The subject of centuries of scrutiny and debate, Mona Lisa's famous smile is routinely described as ambiguous. But is it really that hard to read?
In an unusual trial, close to 100 percent of people described her expression as unequivocally "happy", researchers revealed on Friday (March 10).
"We really were astonished," neuroscientist Juergen Kornmeier of the University of Freiburg in Germany, who co-authored the study, told AFP.
Kornmeier and a team used what is arguably the most famous artwork in the world in a study of factors that influence how humans judge visual cues such as facial expressions.
Known as La Gioconda in Italian, the Mona Lisa is often held up as a symbol of emotional enigma.
The portrait appears to many to be smiling sweetly at first, only to adopt a mocking sneer or sad stare the longer you look.
Using a black and white copy of the early 16th century masterpiece by Leonardo da Vinci, a team manipulated the model's mouth corners slightly up and down to create eight altered images - four marginally but progressively "happier", and four "sadder" Mona Lisas.
A block of nine images were shown to 12 trial participants 30 times.
In every showing, for which the pictures were randomly reshuffled, participants had to describe each of the nine images as happy or sad.
"Given the descriptions from art and art history, we thought that the original would be the most ambiguous," Kornmeier said.
Instead, "to our great astonishment, we found that Da Vinci's original was... perceived as happy" in 97 percent of cases.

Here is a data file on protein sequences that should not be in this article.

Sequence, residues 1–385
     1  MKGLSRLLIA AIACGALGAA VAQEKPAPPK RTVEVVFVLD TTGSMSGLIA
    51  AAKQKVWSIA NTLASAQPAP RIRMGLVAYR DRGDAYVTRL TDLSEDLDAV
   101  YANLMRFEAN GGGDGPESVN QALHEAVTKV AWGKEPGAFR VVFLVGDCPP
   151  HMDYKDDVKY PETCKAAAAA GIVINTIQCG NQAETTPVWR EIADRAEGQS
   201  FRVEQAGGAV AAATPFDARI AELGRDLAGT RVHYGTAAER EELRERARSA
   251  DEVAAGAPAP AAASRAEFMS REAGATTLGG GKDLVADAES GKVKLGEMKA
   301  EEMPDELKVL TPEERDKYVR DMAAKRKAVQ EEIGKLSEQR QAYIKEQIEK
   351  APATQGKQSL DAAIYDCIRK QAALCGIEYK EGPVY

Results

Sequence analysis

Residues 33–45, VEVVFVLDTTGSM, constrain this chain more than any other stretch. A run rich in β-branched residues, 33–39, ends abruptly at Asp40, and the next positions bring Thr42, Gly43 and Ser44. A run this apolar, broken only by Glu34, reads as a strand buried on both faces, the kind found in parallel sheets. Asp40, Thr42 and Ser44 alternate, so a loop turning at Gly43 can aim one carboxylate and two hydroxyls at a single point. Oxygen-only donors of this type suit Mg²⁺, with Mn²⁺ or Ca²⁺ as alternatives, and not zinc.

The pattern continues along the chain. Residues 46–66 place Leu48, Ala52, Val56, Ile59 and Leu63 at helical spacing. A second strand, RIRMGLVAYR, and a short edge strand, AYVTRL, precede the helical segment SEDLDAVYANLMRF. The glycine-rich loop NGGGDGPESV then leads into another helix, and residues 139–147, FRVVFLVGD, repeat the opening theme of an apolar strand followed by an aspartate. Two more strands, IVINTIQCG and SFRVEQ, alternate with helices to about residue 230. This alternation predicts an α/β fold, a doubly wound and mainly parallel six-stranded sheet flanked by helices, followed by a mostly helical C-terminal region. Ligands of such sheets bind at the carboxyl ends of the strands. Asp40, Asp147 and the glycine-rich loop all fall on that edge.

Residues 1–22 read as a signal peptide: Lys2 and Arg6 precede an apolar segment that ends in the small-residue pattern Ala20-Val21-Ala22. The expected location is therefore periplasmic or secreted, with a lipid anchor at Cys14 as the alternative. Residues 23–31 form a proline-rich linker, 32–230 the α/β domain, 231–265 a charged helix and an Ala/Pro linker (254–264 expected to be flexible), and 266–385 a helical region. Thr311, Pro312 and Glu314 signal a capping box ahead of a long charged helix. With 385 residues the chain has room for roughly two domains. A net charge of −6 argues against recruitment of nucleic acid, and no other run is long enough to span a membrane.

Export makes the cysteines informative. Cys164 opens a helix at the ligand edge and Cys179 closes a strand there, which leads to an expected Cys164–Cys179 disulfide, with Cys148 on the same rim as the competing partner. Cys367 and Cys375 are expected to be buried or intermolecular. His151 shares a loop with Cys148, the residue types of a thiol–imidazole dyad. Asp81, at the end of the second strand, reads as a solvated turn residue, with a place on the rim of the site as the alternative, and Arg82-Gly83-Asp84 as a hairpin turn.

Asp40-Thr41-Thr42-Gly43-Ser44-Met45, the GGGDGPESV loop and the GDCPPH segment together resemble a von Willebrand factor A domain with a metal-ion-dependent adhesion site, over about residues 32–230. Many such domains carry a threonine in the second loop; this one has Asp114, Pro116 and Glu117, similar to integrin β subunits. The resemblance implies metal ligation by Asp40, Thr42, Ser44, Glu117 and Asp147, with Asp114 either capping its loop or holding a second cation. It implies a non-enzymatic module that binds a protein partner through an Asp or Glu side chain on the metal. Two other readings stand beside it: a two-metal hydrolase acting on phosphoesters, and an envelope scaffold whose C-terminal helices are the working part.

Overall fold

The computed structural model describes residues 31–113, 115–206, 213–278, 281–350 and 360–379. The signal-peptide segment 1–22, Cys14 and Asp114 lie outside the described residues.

A second phase of the experiment involved the original Mona Lisa with eight "sadder" versions, with even more nuanced differences in the lip tilt.
In this test, the original was still described as happy, but participants' reading of the other images changed.
"They were perceived a little sadder" than in the first experiment, said Kornmeier.
The findings confirm that "we don't have an absolute fixed scale of happiness and sadness in our brain" - and that a lot depends on context, the researcher explained.
"Our brain manages to very, very quickly scan the field. We notice the total range, and then we adapt our estimates" using our memory of previous sensory experiences, he said.
Understanding this process may be useful in the study of psychiatric disorders, said Kornmeier.
Affected people can have hallucinations, seeing things that others do not, which may be the result of a misalignment between the brain's processing of sensory input, and perceptual memory.
A next step will be to do the same experiment with psychiatric patients.
Another interesting discovery was that people were quicker to identify happier Mona Lisas than sad ones.
This suggested "there may be a slight preference... in human beings for happiness, said Kornmeier.
As for the masterpiece itself, the team believe their work has finally settled a centuries-old question.
"There may be some ambiguity in another aspect," said Kornmeier, but "not ambiguity in the sense of happy versus sad."